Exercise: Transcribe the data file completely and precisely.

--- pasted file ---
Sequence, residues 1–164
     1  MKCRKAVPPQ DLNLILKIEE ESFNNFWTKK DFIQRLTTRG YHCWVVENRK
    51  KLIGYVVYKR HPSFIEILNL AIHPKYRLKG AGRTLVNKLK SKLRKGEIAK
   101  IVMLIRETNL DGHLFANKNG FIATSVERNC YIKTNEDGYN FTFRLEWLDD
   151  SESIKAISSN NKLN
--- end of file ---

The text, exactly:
Sequence, residues 1–164
     1  MKCRKAVPPQ DLNLILKIEE ESFNNFWTKK DFIQRLTTRG YHCWVVENRK
    51  KLIGYVVYKR HPSFIEILNL AIHPKYRLKG AGRTLVNKLK SKLRKGEIAK
   101  IVMLIRETNL DGHLFANKNG FIATSVERNC YIKTNEDGYN FTFRLEWLDD
   151  SESIKAISSN NKLN